Students take a drive with Zimride

UW-Whitewater Zimride, a rideshare program enabled on campus last spring, has seen over 100 new users this year.

While the number of users on Zimride is not high, UW-Whitewater Zimride Coordinator Wes Enterline said the program has seen growth since spring.

“Our active rides are not that high up to this point,” Enterline said. “We have a total of 472 users, and there are 61 active rides [listings online] right now. However, 130 of those 472 users are new [this semester].”

Enterline also said of the 247 rides that have been posted on Zimride, 93 are from this semester, most of them being one-time ride posts.

Zimride is a national ridesharing program that connects college students to one another.  It allows students to find rides to their chosen destination as well as find people interested in helping student drivers cut gas prices as they help others.  The program is completely free, and requires a student ID to access it.  It ensures the privacy and the safety of those students looking to carpool.

Many students at UW-Whitewater without vehicles often have a difficult time trying to find a ride home for the weekend.  Other students with vehicles find high gas prices keeping them at school too.  With Zimride, all that could change.

In addition to one-time trips, the program is beneficial to commuters as well.  Many UW-Whitewater students travel from their hometowns to school every day.  With Zimride, it allows them connect and find a more cost effective way to Whitewater every day.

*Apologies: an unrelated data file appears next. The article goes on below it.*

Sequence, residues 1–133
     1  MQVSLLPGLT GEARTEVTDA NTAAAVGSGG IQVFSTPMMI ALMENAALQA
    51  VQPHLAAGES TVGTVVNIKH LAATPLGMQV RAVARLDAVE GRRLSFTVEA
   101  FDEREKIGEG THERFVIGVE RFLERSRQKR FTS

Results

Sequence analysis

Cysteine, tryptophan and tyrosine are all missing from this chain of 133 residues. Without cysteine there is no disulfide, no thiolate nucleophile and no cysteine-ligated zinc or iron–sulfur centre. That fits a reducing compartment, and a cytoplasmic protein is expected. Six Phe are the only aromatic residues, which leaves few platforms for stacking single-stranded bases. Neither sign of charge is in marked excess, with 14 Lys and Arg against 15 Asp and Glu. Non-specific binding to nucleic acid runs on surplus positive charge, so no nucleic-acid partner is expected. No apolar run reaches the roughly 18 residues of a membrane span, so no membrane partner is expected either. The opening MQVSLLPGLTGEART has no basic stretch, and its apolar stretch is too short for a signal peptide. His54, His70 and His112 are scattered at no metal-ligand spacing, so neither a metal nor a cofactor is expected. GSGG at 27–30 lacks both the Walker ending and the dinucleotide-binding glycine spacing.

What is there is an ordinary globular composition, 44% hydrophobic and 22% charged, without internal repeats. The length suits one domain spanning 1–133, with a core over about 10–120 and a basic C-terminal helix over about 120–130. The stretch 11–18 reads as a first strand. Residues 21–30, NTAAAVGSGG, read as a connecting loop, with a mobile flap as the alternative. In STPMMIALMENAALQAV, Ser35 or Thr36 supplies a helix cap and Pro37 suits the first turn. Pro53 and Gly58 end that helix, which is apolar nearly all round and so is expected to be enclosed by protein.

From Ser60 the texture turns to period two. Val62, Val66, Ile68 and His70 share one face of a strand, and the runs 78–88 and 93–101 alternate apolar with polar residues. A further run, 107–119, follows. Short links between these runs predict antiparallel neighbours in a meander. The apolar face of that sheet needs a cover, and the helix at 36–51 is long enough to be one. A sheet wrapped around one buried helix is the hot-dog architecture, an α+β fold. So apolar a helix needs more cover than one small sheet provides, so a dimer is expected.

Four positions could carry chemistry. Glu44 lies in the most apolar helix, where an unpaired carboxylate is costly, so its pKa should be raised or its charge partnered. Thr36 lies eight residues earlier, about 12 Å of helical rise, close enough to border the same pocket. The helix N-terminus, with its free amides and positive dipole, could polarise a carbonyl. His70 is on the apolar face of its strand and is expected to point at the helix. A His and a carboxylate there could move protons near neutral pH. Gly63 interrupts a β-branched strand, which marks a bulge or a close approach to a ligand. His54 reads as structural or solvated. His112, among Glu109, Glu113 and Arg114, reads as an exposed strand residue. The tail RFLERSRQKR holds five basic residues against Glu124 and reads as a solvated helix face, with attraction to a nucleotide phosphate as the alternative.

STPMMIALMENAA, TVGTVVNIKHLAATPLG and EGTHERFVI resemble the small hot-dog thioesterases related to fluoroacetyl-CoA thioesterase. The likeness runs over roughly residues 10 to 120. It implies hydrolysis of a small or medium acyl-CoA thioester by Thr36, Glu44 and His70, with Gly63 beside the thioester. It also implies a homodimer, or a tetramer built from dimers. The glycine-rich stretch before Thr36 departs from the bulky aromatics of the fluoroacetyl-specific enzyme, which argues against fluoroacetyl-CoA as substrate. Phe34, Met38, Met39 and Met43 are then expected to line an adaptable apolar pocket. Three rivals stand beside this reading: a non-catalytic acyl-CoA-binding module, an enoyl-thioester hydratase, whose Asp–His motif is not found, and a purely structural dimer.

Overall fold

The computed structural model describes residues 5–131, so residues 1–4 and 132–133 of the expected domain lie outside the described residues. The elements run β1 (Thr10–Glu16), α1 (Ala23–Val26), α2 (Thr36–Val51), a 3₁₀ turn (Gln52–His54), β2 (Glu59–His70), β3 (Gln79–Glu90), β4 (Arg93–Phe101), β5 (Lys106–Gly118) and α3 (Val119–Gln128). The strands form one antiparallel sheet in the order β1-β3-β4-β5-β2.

Zimride also allows users to be very specific in their search for a ride.  Students can discuss driving preferences such as smoking, radio choices, and food upfront.

The program is a new one to UW-Whitewater.  The old physical ride board on campus had lost a lot of interest, and had been removed for a few years.  It came back at the request of the Whitewater Student Government, but it was still not being utilized to a great extent.

Katherine Shanahan, implementation manager and head of marketing of th program, along with Enterline, respectively started talking with the national Zimride program, and it went online at UW-Whitewater in spring 2011.

There are features available to the program that have yet to be implemented at UW-Whitewater.      The national program allows universities to pair with each other to allow students of other schools communication between each other too.

Shanahan said the university is waiting to hear from Zimride users before granting this choice to UW-Whitewater students.

“We are waiting on student feedback [from other universities] because it would allow other students to gain access that our students’ posts,” Shanahan said.

Privacy is flexible to fit the needs of each particular student who chooses to use it.  It allows them to control who sees private information like email addresses and phone numbers.

And for students who prefer to connect beforehand, Zimride easily integrates with Facebook, too.

Shanahan said Zimride is providing a more convenient, reliable way for students to find people to ride with.

“Students are really excited about Zimride,” Shanahan said. “It offers a safer way for them to travel.”

In addition to Zimride being a safe means of travel, Enterline said that Zimride is an important program not only for the students, but for the university as well.

“If we have more campus parking, we have to maintain more lots, more spaces, and we need to police those lots more routinely,” Enterline said. “We’re going to have more commuters unable to find enough available spots. Overall, Zimride reduces the bubble congestion and costs associated with more traffic.”

Any students interested in trying out the Zimride program can sign up at zimride.uww.edu with their Net-ID and password.

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